Having the powers of the Star Trek transporter would effectively make you a god.
Sometimes, when I'm searching what might be worth seeing on TV in the future, I skip through the online guide and read across capsuled descriptions. It produces awesome writing prompts or at least movies that should exist:
-An outstanding jazz score highlights this tale of a rebellious schoolteacher who arrives in town with a homicidal nymphet.
-An incurable optimist is plunged into a rarely-seen world rife with sex, spirituality, robots, and the secrets of the Great Pyramid.
-A widower tries to save a ghostly woman from two space station astronauts.
-A Brooklyn chorus-girl sobers up two former White House aids invading Moscow.
-A giant octopus and a party-animal surfer head by station wagon toward San Francisco.
-Animal-headed men save King Richard and Maid Marian from a major league has-been.
-Tragedy follows when one of Santa's elves and a shy girl share Saturday detention.
I was walking around in an antique store a few days ago, and they had the local easy listening station playing, or, at least, it was what used to be the easy listening station. They were playing an Elton John medley that had parts of several of his songs strung together with a disco or techno beat. It was terrible. I like the four songs individually, but that medley was painful to listen to.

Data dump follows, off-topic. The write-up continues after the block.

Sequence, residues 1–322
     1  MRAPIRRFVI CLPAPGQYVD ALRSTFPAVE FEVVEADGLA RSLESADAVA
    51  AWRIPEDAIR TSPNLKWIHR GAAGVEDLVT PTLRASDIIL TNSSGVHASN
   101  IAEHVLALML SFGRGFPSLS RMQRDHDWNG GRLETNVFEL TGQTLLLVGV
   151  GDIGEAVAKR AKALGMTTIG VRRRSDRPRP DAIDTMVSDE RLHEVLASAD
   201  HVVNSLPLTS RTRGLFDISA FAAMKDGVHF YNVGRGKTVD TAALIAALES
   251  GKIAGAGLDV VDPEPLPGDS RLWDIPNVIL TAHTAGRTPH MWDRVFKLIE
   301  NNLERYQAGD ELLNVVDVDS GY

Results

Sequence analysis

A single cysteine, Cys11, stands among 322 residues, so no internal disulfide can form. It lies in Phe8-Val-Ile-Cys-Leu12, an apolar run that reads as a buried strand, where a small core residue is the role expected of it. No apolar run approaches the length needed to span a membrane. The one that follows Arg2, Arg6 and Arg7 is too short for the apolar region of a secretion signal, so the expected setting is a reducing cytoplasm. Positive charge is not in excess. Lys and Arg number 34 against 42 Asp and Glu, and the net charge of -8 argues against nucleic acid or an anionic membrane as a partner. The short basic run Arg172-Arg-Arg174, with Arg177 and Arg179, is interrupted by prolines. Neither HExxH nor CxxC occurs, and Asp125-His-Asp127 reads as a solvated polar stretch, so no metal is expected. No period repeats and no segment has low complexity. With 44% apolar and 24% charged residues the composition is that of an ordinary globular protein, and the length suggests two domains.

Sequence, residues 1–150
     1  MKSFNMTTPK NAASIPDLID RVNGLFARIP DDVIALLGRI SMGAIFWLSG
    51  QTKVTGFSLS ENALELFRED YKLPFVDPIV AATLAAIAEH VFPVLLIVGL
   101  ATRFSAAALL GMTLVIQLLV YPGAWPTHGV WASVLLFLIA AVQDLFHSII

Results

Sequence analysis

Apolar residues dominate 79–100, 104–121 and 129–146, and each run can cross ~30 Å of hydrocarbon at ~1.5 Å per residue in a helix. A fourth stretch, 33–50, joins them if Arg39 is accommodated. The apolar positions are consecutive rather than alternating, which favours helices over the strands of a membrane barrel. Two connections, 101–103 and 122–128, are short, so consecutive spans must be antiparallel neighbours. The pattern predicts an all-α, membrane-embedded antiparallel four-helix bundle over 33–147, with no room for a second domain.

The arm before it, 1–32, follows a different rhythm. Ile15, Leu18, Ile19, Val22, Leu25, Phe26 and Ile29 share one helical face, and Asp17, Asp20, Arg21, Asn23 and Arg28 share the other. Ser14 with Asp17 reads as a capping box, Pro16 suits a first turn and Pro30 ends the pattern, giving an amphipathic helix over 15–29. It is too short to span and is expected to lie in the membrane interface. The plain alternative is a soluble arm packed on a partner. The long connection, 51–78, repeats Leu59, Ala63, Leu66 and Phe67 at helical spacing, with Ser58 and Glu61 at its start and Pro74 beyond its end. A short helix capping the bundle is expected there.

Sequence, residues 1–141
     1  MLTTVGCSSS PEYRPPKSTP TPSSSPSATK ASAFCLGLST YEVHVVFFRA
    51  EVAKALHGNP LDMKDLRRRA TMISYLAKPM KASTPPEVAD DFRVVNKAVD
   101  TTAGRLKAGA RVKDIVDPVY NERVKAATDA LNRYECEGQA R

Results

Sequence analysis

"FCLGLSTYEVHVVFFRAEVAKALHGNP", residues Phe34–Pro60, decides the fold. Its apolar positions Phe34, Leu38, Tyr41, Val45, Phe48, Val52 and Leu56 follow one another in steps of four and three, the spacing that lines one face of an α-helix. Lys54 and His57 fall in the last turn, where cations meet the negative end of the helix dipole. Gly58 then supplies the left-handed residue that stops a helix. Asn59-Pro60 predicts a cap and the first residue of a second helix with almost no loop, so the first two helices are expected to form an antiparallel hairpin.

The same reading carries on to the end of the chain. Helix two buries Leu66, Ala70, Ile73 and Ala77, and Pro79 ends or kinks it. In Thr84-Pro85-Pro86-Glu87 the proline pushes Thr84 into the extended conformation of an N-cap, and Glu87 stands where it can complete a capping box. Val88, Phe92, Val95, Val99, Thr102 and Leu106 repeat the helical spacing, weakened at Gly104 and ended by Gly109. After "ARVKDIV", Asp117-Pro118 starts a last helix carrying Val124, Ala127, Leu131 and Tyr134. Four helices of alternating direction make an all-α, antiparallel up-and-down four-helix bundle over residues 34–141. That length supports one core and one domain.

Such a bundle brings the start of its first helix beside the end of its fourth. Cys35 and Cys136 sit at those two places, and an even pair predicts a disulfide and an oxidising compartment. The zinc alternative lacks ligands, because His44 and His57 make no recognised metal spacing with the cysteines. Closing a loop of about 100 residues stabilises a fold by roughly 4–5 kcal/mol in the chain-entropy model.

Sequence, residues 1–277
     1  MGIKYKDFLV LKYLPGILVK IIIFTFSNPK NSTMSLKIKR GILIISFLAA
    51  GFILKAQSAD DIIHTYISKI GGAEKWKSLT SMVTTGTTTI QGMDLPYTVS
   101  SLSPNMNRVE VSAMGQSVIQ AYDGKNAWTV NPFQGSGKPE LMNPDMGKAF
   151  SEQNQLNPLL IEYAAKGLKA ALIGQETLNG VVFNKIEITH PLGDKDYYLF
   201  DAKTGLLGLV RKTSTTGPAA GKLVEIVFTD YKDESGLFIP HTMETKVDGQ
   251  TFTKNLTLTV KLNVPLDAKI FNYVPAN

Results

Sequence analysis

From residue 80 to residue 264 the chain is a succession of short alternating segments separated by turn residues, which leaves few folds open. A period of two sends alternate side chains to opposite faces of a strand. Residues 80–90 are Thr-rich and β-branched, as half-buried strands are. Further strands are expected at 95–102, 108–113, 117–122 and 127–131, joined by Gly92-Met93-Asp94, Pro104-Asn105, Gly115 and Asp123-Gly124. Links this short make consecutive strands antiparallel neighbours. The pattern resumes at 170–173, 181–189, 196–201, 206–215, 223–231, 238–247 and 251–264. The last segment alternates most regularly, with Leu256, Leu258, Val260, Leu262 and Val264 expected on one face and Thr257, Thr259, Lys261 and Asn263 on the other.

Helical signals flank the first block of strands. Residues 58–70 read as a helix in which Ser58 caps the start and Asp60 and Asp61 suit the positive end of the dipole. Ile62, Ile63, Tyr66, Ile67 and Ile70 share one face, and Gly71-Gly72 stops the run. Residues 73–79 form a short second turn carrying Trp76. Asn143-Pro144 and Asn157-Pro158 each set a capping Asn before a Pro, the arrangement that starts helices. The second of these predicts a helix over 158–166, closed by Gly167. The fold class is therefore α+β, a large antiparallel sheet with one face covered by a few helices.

A little later, Whitney Houston's version of "I Will Always Love You" played, and it was immediately followed by John Cougar's "Hurt So Good." It was a mental gear-stripping moment.
There were a lot of records in different stalls in the store. I found a copy of the Blind Faith album and the Buckingham Nicks album, which I was sure I would never see with my own eyes. If I had a good turntable at home, I probably would have bought them.
I also ran across a Superman pogo stick and a Popeye wooden standup.
Very cool! "Antiquing" is something Tracy and I used to do quite frequently, but we stopped for some reason. (I wonder why?)
Neil Gaiman is the cover feature in The Washington Post Magazine: "Neil Gaiman’s Books Have Enchanted Millions. Finally, Hollywood Is on Board."
The profile looks at how many of Gaiman's comics, graphic novels and prose novels have languished in development hell or were thought to be unfilmable until recent years. What made the difference? Neil Gaiman's direct involvement in some of these projects, and the belated realization that his stories can't be bent to fit the Hollywood mold.
If it was in an antique store I'll bet it was overpriced.
Most of them in that box had $5.00 price tags.
From The Comics Beat (it may be even more dire):
"The DCEU is fine, if by fine you mean a flaming dumpster fire perched on the edge of a volcano full of poison sharks"
This Martin Short bit from the Tonight Show will make your day, particularly the first few minutes.